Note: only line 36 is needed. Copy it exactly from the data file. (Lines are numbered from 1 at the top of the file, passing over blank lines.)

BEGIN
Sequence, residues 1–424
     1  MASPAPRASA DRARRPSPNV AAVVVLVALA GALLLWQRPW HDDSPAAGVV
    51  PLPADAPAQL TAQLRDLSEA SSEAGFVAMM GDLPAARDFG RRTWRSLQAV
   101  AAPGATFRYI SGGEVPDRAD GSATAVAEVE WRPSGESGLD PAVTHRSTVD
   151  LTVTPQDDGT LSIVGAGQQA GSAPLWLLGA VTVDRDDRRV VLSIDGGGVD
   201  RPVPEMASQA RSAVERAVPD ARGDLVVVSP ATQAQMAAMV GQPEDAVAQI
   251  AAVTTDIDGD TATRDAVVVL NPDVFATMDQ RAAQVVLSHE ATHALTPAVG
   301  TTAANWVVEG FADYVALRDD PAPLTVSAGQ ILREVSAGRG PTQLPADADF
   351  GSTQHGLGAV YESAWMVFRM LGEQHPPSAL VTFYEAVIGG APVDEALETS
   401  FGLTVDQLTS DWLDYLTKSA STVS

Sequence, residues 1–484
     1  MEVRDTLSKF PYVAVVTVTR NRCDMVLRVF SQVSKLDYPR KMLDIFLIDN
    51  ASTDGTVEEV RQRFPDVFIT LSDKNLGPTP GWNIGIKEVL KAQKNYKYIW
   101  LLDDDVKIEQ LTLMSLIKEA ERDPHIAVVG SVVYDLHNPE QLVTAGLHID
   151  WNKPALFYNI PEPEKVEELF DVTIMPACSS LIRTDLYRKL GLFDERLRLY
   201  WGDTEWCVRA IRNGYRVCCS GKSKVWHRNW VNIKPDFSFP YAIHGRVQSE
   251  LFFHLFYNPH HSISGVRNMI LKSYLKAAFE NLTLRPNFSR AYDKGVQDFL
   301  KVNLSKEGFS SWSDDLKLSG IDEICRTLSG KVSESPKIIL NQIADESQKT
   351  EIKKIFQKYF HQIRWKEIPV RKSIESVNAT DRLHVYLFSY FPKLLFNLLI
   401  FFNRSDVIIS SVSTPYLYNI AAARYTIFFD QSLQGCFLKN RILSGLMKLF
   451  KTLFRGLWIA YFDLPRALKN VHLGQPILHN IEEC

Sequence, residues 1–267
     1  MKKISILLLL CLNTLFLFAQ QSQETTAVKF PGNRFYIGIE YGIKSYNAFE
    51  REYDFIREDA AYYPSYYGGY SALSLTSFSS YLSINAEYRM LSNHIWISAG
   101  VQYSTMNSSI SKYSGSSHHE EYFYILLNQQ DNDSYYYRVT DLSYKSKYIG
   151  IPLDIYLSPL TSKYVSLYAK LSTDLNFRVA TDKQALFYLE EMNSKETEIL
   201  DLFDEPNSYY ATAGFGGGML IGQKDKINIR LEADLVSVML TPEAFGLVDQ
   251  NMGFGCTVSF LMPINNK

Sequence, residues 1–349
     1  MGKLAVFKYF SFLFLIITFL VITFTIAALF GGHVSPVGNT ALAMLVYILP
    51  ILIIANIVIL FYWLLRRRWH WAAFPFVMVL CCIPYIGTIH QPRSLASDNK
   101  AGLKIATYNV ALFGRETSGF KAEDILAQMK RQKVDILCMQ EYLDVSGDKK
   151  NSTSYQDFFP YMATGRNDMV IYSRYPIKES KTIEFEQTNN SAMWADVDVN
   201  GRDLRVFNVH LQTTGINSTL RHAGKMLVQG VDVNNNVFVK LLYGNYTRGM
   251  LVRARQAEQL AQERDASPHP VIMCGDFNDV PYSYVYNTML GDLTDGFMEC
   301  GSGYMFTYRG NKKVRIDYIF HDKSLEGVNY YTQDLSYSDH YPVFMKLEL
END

   301  GSGYMFTYRG NKKVRIDYIF HDKSLEGVNY YTQDLSYSDH YPVFMKLEL